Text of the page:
Businesses are likely to have varying levels of insurance in place – which ones are potentially responsive to losses caused by COVID-19 and related containment measures?
Business Interruption cover is a normal part of the insurance package taken out by businesses – it is typically part of a property insurance package, but can also be found as part of other commercial policies. “BI Insurance” covers the policyholder for lost revenue, mitigation costs and increased costs of working occasioned by the “coverage trigger”. “Standard” BI cover is triggered by physical damage to premises, however extensions to BI coverage can be purchased, meaning that BI insurance will also respond to “contingent” coverage triggers.
Contingent triggers that may be relevant in the context of the COVID-19 outbreak include:
- Denial of Access to premises caused by the actions of government, local authorities, police or other regulators – this could extend to imposition of Italy-style “red zones” which affect premises used by the policyholder or its suppliers;
- Failure of Utilities – while large-scale shutdowns of utilities such as electricity and water supplies seem unlikely in industrialised regions, the possibility that policyholders or suppliers in less developed areas could be affected by disruptions caused by worker absence or quarantining cannot be ruled out
- Loss of Attraction – certain insurance policies may respond to occurrences in surrounding areas (for example, implementation of a quarantine zone) which result in a reduction of business turnover
- Notifiable Disease – coverage can be available for closure or restrictions placed on insured premises as a result of notifiable disease. The key question here is at what point the disease becomes “notifiable”, and the duration of the period in which lost revenue can be claimed. In the case of COVID-19, different parts of the UK declared the disease as “notifiable” on 22 February 2020 (Scotland), 29 February 2020 (Northern Ireland) and 5 March 2020 (England and Wales). Conflicting “trigger dates” may give rise to insurance issues with significant consequences for the amount which can be claimed.
Whether insurance responds to a particular policy trigger, or whether a particular type of loss is covered is entirely dependent on the policy wording. Some types of insurance may respond to disruption suffered at insured premises only, whereas others may cover supply chain or contingent site disruption. Policyholders will therefore need to carefully review or seek advice on their BI insurance position.
Disruption to business can mean that legal obligations to customers are not met, which can result in third party claims. While parts of the losses caused to businesses as the result of failure to makes sales or provide services may by covered under a BI policy, to the extent that business failings lead to legal claims against policyholders, third party liability insurance may respond.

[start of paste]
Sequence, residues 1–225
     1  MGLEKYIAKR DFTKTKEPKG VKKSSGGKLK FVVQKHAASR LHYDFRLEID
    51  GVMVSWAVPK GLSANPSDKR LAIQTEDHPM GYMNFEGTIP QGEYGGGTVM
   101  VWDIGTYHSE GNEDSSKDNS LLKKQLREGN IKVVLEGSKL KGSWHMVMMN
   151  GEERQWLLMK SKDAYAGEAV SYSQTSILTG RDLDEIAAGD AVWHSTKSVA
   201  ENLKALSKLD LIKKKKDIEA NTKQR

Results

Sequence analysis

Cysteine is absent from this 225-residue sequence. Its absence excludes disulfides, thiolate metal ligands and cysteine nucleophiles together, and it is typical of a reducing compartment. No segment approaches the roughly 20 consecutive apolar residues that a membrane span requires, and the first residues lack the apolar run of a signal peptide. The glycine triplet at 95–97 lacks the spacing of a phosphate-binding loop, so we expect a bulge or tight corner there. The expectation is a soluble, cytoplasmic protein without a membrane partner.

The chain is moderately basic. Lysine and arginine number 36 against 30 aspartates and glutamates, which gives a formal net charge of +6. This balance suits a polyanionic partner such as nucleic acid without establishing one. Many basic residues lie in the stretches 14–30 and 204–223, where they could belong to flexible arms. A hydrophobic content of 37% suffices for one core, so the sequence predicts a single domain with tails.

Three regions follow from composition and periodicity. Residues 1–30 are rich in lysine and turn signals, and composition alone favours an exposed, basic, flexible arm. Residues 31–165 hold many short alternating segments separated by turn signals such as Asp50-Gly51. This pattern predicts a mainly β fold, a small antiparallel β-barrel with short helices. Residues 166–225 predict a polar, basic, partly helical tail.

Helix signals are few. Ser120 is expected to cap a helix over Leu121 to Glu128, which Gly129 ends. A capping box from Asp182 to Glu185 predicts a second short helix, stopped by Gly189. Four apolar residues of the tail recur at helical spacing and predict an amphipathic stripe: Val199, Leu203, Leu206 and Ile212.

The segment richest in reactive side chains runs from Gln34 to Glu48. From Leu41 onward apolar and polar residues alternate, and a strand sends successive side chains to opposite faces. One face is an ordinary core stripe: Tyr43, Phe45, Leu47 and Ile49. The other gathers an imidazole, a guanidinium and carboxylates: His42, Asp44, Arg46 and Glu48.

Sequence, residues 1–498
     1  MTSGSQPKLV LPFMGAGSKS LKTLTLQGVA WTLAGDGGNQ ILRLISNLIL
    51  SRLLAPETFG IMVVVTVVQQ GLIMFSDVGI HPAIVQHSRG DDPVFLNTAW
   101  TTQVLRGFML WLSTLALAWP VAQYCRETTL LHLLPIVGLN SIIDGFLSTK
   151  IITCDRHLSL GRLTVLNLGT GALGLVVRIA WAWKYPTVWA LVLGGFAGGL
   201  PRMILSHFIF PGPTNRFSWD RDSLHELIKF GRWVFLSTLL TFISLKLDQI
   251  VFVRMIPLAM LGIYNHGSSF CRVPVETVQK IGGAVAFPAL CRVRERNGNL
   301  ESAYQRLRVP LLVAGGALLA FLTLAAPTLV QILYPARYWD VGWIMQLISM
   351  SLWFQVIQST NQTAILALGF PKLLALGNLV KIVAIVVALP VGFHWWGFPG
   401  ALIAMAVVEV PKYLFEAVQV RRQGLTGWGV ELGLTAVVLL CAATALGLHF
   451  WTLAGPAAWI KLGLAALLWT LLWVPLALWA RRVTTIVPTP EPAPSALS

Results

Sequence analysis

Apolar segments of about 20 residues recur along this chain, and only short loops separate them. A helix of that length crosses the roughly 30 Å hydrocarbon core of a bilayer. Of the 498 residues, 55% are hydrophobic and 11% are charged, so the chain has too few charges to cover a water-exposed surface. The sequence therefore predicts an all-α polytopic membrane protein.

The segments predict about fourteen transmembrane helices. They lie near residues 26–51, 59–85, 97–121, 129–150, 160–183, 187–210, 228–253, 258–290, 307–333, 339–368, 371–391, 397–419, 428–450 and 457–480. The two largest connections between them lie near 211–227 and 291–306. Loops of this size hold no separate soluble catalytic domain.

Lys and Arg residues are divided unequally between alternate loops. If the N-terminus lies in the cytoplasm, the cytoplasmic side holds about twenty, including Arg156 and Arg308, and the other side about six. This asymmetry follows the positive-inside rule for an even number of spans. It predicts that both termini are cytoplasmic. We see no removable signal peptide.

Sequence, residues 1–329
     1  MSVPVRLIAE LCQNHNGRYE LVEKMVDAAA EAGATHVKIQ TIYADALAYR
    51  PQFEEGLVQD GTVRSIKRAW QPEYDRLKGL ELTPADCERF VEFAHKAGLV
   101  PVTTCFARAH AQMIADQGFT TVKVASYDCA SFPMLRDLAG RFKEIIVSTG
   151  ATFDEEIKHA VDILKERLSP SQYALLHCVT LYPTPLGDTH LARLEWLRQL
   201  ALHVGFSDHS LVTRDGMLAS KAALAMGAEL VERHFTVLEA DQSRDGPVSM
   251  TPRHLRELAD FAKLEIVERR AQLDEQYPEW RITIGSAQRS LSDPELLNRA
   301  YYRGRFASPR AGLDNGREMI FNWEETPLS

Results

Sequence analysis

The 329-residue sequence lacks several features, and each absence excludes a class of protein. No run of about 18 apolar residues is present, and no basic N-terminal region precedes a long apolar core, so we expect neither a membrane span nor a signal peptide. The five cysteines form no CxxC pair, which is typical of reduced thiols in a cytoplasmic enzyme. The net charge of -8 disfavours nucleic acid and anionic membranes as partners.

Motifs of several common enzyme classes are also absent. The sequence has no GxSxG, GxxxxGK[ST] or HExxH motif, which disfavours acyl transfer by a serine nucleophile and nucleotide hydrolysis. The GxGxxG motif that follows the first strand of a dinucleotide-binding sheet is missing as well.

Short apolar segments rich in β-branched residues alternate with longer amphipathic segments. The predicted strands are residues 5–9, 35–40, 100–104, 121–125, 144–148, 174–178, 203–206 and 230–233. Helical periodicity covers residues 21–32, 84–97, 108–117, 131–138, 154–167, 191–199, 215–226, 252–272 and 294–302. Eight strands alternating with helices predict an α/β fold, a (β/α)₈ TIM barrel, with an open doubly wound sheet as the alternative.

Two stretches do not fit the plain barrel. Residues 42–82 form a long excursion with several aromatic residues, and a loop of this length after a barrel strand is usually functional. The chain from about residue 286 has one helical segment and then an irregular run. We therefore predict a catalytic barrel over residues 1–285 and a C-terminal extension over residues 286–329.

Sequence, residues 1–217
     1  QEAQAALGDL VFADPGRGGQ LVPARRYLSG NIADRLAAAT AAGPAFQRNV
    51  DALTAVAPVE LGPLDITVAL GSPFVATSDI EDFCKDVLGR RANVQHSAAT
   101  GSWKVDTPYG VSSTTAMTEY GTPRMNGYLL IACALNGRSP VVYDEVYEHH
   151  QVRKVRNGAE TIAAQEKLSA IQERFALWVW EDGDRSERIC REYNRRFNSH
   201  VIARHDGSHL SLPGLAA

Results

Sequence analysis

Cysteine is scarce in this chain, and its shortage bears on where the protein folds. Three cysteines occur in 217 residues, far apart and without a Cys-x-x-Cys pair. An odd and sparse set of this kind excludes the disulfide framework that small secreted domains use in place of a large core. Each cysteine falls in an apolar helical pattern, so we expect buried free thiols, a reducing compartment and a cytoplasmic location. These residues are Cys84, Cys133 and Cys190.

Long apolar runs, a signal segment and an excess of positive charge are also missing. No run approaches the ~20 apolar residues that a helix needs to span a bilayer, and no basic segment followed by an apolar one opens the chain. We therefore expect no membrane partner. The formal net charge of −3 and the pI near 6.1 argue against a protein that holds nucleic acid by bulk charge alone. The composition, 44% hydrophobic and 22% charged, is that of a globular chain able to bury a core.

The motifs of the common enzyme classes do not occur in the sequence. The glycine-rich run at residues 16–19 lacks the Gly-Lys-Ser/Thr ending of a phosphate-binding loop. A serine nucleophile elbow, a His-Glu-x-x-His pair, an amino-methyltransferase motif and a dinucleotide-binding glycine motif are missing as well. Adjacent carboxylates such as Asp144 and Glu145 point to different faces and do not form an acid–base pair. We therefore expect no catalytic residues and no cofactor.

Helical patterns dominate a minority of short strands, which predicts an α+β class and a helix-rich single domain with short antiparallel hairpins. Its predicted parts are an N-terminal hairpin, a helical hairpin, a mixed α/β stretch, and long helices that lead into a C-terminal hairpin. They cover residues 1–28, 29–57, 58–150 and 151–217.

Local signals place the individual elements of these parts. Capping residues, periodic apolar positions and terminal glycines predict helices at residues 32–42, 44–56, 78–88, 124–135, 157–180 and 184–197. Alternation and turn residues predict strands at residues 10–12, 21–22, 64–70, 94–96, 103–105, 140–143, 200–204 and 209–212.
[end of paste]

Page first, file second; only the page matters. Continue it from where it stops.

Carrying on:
Liability claims are of particular concern to business responsible for people (whether employees or customers) being put in close proximity. Businesses will need to consider the possibility of personal injury claims arising due to businesses holding events during a pandemic, or of employers’ liability claims arising due to companies failing to provide safe working environments for employees. Policyholders should review their insurance arrangements as part of their implementation of robust plans to minimise risk.
Companies are inevitably taking action to respond to the COVID-19 outbreak. If a company were to get something wrong which resulted in claims by employees or third parties and/or regulatory enforcement action, executives may find themselves needing to rely on Directors and Officers’ liability insurance to ensure they are protected.
Finally, product manufacturers face a number of risks in the context of pandemics, and exposure is not only limited to the manufacturers of in-demand preventative products like hand sanitiser and face masks. Product liability claims against manufacturers accused of spreading a disease (for example through ducting and air conditioning systems) may also materialise in due course.
Specific insurance – Credit and Event Cancellation
Large-scale economic slow-down will lead to a number of companies encountering solvency issues and defaulting on debts. Creditors should therefore consider whether they have credit insurance in place which could mitigate the losses caused by debtor defaults. Typically, credit insurance policies have a fairly narrow range of exclusions, setting out circumstances in which insurers will not pay for losses stemming from a debtor default – an exclusion for losses arising from pandemics would be atypical, but policyholders should nonetheless check their wordings carefully.
Contingency planning for the outbreak of COVID-19 has seen a number of events cancelled, from concerts and sporting events, to political campaign launches and law firm conferences. Late cancellation can give rise to significant losses, which may be covered under specific event cancellation insurance.
What to do?
Clearly, whether an insurance policy will respond to losses will depend on the policy wording, and will need to be considered in the context of government guidance and measures being taken to prevent or contain COVID-19. Each company’s position will be different, and all companies should be undertaking reviews of their insurance position as part of contingency planning, to determine what cover is available, and ensure that potential claims are being notified promptly. Those reviews should be taking place now.
For assistance with consideration of insurance issues arising from this significant global event. Contact your usual Hogan Lovells contact, or a member of the Global Insurance Team.
Authored by Charlie Shute, Victor Fornasier, Nick Atkins and Jamie Rogers